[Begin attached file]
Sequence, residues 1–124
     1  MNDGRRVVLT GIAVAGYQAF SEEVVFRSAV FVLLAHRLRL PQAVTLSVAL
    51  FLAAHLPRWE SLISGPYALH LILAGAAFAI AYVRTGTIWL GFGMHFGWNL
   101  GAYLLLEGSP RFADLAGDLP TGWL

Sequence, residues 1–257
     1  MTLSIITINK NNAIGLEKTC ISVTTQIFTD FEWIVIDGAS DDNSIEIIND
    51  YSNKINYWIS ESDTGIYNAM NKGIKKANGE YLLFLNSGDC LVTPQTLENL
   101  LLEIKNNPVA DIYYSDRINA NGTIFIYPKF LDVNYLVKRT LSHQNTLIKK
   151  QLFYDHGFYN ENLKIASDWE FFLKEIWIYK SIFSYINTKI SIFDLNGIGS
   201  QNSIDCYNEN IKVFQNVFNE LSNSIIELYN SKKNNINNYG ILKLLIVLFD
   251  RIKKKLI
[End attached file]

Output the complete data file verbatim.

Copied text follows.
Sequence, residues 1–124
     1  MNDGRRVVLT GIAVAGYQAF SEEVVFRSAV FVLLAHRLRL PQAVTLSVAL
    51  FLAAHLPRWE SLISGPYALH LILAGAAFAI AYVRTGTIWL GFGMHFGWNL
   101  GAYLLLEGSP RFADLAGDLP TGWL

Sequence, residues 1–257
     1  MTLSIITINK NNAIGLEKTC ISVTTQIFTD FEWIVIDGAS DDNSIEIIND
    51  YSNKINYWIS ESDTGIYNAM NKGIKKANGE YLLFLNSGDC LVTPQTLENL
   101  LLEIKNNPVA DIYYSDRINA NGTIFIYPKF LDVNYLVKRT LSHQNTLIKK
   151  QLFYDHGFYN ENLKIASDWE FFLKEIWIYK SIFSYINTKI SIFDLNGIGS
   201  QNSIDCYNEN IKVFQNVFNE LSNSIIELYN SKKNNINNYG ILKLLIVLFD
   251  RIKKKLI